MCCG 2021 – Much Ado About Nothing?
With the latest version of the Malaysian Code of Corporate Governance (MCCG 2021), the focus of corporate governance has shifted more concertedly to the aspect of CARE. This was evident from the previous iteration of the Code but the sharper focus of MCCG 2021 is intended to build stakeholder confidence. “It’s about building substance, not just form,” said Ramesh Pillai in his presentation at the IERP’s latest Directors’ Networking Group event. “And it’s not just about shareholder value but stakeholder value.” He pointed out that there was also a push for adoption of best practices by all subsidiaries of companies, whereas this was previously targeted at holding companies.
While many companies tend to use governance in the context of compliance and box-ticking, the idea that the whole group of companies should be aligned, practice-wise, helps to improve overall governance. Ramesh remarked that large companies, especially, have long been encouraged to adopt this kind of step-up practice but the fact that this has to be pointed out, underscores the challenges faced in actually achieving this measure. The Code also expects this practice to be adopted within a reasonable timeframe, although what constitutes “reasonable” is not defined; nor is it clarified what the consequences of not adopting such practices will be.
On the matter of disclosure, MCCG 2021 stresses the need for information to be useful to stakeholders and shareholders, which is a matter of course. Mid-cap and small-cap companies are also expected to adopt practices of larger companies in the course of improving governance. This tends to happen in the business environment due to the trickle-down effect. The practices of big companies tend to be adopted by smaller ones over time, as everything in the MCCG can be applied across the board. Ramesh said that there was a tendency to regard the MCCG as a set of rules and regulations, rather than as an enabling tool that could help companies become more prosperous.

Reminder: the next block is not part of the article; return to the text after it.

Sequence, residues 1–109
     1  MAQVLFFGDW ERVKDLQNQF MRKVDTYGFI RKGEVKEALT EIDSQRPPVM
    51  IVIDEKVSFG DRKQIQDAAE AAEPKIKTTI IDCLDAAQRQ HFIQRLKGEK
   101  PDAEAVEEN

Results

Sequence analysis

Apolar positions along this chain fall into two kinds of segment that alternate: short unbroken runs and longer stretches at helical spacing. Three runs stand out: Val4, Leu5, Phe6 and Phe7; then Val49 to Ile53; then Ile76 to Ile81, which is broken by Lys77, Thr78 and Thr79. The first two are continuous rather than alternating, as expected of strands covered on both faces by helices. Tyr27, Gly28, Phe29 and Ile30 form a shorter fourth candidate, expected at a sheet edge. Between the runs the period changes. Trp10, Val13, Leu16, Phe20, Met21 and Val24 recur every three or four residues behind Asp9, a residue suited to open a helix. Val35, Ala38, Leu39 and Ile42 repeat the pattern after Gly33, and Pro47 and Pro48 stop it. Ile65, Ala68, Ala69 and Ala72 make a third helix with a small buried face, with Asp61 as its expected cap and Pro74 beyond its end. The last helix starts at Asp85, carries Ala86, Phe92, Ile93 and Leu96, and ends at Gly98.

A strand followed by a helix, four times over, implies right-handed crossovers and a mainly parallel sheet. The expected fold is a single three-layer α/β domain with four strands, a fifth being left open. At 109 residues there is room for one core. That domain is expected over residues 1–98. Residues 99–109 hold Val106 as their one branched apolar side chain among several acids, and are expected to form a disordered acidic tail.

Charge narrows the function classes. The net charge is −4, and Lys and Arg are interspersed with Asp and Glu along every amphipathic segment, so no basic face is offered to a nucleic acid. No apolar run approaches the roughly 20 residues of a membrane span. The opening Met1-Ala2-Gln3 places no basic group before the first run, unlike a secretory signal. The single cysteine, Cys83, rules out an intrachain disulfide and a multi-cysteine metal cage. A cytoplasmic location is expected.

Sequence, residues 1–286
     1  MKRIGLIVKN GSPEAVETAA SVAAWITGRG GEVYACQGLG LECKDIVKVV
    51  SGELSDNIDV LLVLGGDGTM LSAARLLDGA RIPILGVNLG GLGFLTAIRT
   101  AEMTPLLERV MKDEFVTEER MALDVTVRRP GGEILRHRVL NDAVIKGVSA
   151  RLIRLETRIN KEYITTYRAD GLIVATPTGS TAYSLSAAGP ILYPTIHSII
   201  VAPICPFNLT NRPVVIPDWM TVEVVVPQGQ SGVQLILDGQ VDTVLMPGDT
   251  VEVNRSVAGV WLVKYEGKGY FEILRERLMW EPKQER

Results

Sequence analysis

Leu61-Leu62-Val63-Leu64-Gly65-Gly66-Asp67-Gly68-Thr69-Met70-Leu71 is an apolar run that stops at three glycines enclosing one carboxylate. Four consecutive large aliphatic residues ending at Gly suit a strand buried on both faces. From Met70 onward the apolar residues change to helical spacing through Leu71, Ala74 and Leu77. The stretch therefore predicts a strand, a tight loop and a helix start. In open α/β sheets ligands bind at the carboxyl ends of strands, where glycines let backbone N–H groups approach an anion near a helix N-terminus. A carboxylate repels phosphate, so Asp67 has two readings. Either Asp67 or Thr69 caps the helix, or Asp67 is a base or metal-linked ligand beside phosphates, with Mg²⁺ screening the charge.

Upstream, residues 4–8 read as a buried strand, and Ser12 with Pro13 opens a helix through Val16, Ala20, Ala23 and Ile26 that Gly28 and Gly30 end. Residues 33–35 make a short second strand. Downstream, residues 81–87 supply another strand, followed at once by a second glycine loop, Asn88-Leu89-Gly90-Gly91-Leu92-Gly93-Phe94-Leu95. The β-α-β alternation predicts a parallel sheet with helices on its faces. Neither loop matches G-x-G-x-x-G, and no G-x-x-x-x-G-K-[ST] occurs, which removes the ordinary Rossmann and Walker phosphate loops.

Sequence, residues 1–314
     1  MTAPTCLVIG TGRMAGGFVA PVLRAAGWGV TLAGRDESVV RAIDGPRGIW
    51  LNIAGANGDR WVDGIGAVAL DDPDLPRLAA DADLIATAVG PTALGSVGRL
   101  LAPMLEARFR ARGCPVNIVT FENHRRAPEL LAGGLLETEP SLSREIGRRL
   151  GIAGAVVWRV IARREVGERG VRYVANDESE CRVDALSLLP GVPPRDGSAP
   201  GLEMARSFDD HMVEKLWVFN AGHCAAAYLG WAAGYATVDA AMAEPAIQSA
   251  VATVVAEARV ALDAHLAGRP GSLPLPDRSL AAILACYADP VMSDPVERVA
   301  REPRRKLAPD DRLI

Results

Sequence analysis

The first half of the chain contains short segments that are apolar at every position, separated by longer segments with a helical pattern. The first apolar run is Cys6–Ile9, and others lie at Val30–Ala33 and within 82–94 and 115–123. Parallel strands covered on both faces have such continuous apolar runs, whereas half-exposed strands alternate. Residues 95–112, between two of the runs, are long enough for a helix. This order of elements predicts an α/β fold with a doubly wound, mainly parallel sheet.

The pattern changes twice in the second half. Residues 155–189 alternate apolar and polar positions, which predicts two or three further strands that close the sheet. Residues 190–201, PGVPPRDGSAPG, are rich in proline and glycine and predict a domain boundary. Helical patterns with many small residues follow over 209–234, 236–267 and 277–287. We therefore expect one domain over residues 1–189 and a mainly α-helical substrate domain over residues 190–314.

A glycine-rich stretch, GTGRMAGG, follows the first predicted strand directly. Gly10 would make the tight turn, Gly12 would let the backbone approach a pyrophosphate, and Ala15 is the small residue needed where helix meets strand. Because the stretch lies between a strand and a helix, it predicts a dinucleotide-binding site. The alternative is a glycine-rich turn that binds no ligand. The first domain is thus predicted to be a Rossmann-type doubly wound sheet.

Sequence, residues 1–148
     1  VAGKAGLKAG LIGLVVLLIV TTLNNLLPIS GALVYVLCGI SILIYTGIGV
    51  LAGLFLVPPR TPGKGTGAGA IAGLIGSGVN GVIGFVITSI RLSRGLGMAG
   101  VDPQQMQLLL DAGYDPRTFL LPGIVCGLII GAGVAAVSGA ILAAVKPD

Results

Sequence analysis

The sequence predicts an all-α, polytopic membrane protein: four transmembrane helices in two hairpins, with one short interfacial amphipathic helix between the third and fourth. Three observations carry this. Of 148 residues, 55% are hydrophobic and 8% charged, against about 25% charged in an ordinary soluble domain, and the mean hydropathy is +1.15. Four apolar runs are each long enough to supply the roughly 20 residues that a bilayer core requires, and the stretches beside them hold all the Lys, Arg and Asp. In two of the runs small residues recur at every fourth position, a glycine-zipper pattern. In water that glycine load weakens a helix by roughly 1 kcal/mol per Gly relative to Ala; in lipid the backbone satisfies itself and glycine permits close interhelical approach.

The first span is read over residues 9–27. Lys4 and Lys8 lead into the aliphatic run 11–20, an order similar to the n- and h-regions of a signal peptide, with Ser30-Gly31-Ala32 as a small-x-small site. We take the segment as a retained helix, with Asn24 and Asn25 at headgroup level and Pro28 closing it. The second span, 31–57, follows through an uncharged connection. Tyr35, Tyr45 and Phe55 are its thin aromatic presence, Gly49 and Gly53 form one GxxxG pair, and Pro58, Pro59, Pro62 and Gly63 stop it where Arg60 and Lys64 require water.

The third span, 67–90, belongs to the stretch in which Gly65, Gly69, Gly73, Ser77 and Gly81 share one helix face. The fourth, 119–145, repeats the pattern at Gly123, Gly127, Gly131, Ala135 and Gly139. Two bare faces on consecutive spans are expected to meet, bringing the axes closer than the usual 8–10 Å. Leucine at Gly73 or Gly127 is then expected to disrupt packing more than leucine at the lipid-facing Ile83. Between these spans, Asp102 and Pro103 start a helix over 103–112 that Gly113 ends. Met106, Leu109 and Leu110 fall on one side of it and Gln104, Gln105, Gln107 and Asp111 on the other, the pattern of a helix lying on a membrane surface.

“A lot of explanation is missing, and there is a general lack of awareness of how the Code can add value especially to smaller companies,” he said. “Governance means doing the right thing all the time, regardless.” His presentation covered several aspects of the Code pertaining to the Chairman’s role and that of Non-Executive Directors; Board Evaluation, Appointments and Reappointments and Remuneration; the Audit Committee; Sustainability (including the Joint Committee on Climate Change and Climate Change & Principles-based Taxonomy); Engagement with Stakeholders; and AGMs.
The Code emphasises certain roles of the Chairman, particularly that the Chairman of the Board should not be a member of any of the Board committees, nor should Board and Board committee meetings be combined. This is to ensure that the Chairman remains impartial. “If the Chairman of the Board sits on any committee, that committee’s independence will be in dispute,” said Ramesh. “If problems (at that committee level) are deferred to the Board, the Board may defer to the Chairman.” The Chairman should be able to facilitate objective, independent discussions.
Non-Executive Directors are encouraged to meet annually without executive directors, and to enable open discussions without being influenced by executives and management – two measures that were already practised informally if not formally, Ramesh said. In the matter of Board Evaluation, companies will now have to disclose what action has been taken, and how this affects the composition of the Board; the explanation has to be comprehensive, historical and forward-looking. There is a concerted thrust for gender diversity on Boards, and for 30% of Boards to consist of women. “Firms need to get the best people at the end of the day,” Ramesh said. “Dissenting views are good for debate, and to find the middle ground.”